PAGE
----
Google: Behind the Screen (Full Version)

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2006 – This 50 minute documentary gives an in-depth look into the world of Google and internet search.

What if all the world’s information were available and easy to find? What if all the news, all books, all texts, photographs and videos would be collected in one place, and made available, always and everywhere?

This is the goal of Google, and the company seems to be realizing its core mission at an amazing speed: through its popular search engine, through Google Earth, with which users can find any kind of information based on geography, and through Google Print, a project in which Google digitizes complete libraries.

Google is divulging ever more information, in the of process hiring the smartest people in the industry. But is the company aware of the responsibility it has, being the guardian of all the world’s information, including personal information about its users?

This documentary takes a look into the world of Google, in the company’s headquarters in Mountain View, California and in its London offices. We see –among others- Vint Cerf, named ‘the father’ of the Internet who explains the inner workings of Google as a company. Since 2004, Cerf has been working for Google, helping them to develop new applications for the Internet. What is his view on the development of the Internet, and on the role Google plays in today’s world?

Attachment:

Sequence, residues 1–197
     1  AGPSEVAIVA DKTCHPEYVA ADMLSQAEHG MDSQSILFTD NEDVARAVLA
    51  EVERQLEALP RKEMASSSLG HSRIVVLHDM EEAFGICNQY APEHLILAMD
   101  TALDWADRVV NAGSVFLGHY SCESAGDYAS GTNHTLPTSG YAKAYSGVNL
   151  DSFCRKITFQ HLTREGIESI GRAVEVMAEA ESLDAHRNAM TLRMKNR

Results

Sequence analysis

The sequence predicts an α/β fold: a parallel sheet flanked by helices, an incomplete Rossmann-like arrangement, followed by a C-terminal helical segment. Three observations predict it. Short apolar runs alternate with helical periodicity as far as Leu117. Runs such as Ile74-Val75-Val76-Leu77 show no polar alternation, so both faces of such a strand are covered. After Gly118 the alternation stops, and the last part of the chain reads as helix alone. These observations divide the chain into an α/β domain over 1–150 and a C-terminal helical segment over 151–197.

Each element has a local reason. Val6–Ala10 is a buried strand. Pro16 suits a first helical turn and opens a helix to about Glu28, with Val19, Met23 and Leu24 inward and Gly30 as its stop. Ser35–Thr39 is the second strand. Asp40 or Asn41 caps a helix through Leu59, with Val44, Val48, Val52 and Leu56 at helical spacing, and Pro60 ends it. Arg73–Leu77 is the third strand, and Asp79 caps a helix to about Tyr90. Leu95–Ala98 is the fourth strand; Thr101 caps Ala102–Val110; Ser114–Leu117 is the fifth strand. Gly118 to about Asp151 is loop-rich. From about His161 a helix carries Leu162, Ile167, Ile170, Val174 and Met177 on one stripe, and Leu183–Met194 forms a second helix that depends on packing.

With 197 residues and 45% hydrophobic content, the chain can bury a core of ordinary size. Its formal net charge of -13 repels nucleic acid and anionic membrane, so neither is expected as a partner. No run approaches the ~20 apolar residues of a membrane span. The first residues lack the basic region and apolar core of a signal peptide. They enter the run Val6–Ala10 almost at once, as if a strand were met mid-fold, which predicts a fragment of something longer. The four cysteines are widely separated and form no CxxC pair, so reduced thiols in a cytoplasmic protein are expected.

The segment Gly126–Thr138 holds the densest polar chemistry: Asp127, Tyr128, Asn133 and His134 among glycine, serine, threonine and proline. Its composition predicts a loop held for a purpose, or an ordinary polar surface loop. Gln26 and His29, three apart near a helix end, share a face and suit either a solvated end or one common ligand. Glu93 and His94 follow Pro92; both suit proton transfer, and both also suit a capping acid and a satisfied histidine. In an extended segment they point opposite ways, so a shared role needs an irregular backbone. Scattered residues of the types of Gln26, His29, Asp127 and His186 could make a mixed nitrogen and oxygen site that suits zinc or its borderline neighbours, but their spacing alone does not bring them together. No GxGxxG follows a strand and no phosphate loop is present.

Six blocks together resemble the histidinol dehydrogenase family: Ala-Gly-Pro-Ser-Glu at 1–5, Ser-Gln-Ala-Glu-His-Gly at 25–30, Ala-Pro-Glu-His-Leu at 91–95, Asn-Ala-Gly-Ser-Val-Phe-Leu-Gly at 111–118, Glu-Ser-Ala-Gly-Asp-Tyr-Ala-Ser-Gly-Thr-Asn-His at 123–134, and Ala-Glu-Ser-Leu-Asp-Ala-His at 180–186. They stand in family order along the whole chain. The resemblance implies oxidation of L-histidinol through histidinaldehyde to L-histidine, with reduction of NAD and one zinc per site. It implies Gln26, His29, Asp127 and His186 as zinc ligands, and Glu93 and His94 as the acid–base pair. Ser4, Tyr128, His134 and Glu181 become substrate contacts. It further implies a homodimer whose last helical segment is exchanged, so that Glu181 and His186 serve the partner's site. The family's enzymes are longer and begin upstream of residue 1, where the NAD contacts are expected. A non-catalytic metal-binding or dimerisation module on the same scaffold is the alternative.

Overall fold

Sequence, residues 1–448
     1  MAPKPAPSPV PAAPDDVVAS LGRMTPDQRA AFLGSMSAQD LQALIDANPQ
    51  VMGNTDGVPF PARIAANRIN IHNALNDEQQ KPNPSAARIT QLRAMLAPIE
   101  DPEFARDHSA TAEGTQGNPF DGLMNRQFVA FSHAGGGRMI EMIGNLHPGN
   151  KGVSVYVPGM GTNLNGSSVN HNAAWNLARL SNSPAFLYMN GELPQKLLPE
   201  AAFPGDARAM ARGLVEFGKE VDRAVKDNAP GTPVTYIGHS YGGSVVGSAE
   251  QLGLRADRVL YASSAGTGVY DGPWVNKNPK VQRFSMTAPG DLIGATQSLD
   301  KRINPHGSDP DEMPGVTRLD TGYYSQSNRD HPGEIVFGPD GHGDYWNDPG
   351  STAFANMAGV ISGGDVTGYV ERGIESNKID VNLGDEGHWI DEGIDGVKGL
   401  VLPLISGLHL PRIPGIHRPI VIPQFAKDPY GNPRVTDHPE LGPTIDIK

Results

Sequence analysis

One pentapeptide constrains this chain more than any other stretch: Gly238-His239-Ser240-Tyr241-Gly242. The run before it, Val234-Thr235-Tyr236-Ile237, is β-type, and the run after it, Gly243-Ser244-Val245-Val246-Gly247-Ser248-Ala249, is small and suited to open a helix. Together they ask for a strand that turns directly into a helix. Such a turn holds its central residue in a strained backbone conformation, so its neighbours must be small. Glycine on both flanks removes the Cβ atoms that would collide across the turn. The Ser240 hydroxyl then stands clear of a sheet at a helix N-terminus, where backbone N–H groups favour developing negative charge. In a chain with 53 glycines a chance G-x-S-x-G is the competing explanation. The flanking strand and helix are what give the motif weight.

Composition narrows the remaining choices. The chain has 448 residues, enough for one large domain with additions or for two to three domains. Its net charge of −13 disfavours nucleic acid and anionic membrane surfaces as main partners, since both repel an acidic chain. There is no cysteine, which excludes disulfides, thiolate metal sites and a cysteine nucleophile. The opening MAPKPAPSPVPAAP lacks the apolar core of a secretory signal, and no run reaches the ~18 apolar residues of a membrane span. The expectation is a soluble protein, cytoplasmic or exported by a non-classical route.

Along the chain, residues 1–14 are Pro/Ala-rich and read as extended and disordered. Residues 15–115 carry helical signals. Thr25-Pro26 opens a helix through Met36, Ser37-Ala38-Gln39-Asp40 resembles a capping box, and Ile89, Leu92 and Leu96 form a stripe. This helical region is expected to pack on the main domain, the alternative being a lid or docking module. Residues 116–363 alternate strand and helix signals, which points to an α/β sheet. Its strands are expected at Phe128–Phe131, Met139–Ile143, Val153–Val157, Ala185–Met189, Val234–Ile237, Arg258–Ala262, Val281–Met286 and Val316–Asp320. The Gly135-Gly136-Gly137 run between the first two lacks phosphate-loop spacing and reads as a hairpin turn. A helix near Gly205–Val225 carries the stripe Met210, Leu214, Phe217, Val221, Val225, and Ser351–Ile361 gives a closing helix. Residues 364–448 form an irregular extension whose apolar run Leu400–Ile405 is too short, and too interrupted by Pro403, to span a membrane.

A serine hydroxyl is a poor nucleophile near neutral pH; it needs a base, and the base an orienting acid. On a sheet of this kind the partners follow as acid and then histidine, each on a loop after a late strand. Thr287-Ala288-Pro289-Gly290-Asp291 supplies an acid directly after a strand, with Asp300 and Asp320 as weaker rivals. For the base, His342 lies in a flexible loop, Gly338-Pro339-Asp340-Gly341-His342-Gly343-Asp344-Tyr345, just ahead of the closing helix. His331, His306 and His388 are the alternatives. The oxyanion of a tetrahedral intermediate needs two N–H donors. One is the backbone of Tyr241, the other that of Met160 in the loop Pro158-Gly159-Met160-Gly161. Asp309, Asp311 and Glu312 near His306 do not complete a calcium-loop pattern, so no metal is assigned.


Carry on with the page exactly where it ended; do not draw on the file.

With its motto ‘Don’t be evil’, Google seems to have the best of intentions. But there are also claims that Google is slowly turning into Big Brother, keeping track of its users and continuously making decisions about the information it provides to an ever faster growing number of users.

Will Google turn out to be a new Library of Alexandria, serving as a middleman that brings all useful information to anyone? Or is it turning into a monopolistic Big Brother that challenges the freedom of information?

 

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The Savings and Loan Banking Crisis: George Bush, the CIA, and Organized Crime , 4.3 out of 5 based on 10 ratings
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The Savings and Loan Banking Crisis: George Bush, the CIA, and Organized Crime

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1992 – The savings and loan crisis of the 1980s and 1990s (commonly dubbed the S&L crisis) was the failure of about 747 out of the 3,234 savings and loan associations in the United States. A savings and loan or “thrift” is a financial institution that accepts savings deposits and makes mortgage, car and other personal loans to individual members—a cooperative venture known in the United Kingdom as a Building Society. “As of December 31, 1995, RTC estimated that the total cost for resolving the 747 failed institutions was $87.9 billion.” The remainder of the bailout was paid for by charges on savings and loan accounts — which contributed to the large budget deficits of the early 1990s.

The concomitant slowdown in the finance industry and the real estate market may have been a contributing cause of the 1990–91 economic recession. Between 1986 and 1991, the number of new homes constructed per year dropped from 1.8 million to 1 million, which was at the time the lowest rate since World War II.

 

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Rating: 4.3/5 (10 votes cast)
The Savings and Loan Banking Crisis: George Bush, the CIA, and Organized Crime , 4.3 out of 5 based on 10 ratings
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